When climate scientist Katharine Hayhoe first started teaching at Texas Tech in 2005, in the very conservative town of Lubbock, the first question a student asked after a class on the carbon cycle was: “You’re a Democrat, aren’t you?” Hayhoe answered that she was a Canadian. But it was an early introduction to a reality that still exists today. Whether you believe in human-caused climate change has more to do with where you fall on the political spectrum than how much education you have.
As of a survey earlier this year, almost all liberal Democrats (95%) think climate change is happening; only 40% of conservative Republicans do. Even fewer conservatives think that climate change is caused by humans or are worried about the consequences. Hayhoe, who still lives and works in Lubbock, laid out her approach to how to talk to climate skeptics at TEDWomen.
Start from then heart
The first step is “to start from the heart, start by talking about why it matters to us–to begin with genuinely shared values,” Hayhoe said. “Are we both parents? Do we live in the same community? Do we enjoy outdoor activities–hiking, biking, fishing, even hunting? Do we care about the economy or national security?”
Hayhoe is also an evangelical Christian–probably a rarity among climate scientists, but another point of connection she can use in some conversations, as she talks about the responsibility she feels to care for the planet and the poorest people living on it, who will be most impacted by climate.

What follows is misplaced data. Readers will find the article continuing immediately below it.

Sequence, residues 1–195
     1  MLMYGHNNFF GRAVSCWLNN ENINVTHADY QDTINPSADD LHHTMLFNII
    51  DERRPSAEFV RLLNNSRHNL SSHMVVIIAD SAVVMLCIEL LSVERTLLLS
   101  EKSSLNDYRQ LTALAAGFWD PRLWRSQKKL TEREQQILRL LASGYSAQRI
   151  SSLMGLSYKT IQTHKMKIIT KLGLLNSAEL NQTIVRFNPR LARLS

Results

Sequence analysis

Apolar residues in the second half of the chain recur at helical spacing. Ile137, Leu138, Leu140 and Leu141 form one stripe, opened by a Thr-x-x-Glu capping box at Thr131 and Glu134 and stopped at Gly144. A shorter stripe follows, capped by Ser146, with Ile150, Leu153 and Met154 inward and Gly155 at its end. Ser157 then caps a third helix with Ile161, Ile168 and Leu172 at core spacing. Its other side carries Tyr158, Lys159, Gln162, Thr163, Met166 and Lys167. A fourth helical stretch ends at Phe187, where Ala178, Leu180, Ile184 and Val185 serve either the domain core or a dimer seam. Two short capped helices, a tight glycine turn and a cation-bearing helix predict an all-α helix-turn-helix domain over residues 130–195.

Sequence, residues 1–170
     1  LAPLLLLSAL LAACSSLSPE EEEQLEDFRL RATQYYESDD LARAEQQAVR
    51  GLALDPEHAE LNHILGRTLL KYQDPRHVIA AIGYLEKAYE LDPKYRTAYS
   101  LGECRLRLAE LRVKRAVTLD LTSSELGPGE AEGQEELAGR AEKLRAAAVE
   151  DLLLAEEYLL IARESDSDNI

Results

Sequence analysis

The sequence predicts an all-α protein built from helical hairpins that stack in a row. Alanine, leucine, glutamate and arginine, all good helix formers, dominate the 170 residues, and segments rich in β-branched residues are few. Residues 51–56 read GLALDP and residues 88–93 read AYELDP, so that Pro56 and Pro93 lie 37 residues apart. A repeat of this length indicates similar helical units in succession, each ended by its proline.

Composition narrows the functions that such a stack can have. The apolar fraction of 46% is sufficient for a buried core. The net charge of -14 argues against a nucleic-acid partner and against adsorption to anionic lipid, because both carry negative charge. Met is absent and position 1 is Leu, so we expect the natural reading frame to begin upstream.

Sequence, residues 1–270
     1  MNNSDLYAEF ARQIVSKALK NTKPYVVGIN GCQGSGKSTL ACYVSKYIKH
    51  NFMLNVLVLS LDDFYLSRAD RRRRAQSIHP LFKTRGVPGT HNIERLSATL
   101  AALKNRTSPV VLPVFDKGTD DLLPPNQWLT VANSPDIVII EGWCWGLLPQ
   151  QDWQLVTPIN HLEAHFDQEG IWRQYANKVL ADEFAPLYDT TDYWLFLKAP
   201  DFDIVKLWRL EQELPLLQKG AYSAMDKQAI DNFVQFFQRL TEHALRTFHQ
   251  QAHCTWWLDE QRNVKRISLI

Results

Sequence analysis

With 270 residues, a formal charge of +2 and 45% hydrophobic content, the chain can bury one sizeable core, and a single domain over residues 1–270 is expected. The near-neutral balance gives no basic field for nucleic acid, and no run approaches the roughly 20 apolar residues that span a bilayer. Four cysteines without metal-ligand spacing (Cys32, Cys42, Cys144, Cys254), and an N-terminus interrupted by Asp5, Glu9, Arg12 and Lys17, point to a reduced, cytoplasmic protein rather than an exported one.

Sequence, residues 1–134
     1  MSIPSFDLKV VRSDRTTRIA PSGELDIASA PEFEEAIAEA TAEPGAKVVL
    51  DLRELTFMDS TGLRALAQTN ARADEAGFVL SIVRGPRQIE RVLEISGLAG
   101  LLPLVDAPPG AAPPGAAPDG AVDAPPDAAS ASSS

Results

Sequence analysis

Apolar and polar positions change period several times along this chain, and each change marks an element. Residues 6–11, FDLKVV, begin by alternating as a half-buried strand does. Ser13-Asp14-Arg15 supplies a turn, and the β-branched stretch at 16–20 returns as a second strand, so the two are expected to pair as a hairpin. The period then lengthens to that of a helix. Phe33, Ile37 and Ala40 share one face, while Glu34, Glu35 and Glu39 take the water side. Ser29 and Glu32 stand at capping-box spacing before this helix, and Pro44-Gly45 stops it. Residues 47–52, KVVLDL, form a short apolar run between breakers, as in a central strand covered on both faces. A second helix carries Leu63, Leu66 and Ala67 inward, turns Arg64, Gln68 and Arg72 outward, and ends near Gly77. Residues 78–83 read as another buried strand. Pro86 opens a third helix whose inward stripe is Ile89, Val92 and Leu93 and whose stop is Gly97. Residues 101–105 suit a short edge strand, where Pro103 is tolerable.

Find common values
“If you don’t know what the values are that someone has, have a conversation, get to know them, figure it out, what makes them tick, and then once we have, all we have to do is connect the dots between the values they already have and why they would care about a changing climate,” she said. “I truly believe after thousands of conversations that I’ve had over the past decade, and more, that just about every single person in the world already has the values they need to care about a changing climate. They just haven’t connected the dots, and that’s what we can do through our conversation with them.”
Don’t focus on fear
Despite the terror of living in a time when wildfires and hurricanes and droughts are already becoming more extreme “Fear is not going to motivate us for the long-term sustained change,” she said. Instead, focus on examples of solutions that are already happening, from the spread of cheap wind power in Texas to cheap pay-as-you-go solar power in Africa. Despite the daunting size of the challenge of shifting to a zero-carbon economy, it’s critical to look to these positive examples and not succumb to despair.
“What we need to fix this thing is rational hope,” Hayhoe said. “Yes, we absolutely do need to recognize what’s at stake. Of course we do, but we need a vision of a better future, a future with abundant energy, with a stable economy, with resources available to all where our lives are not worse, but better than they are today.”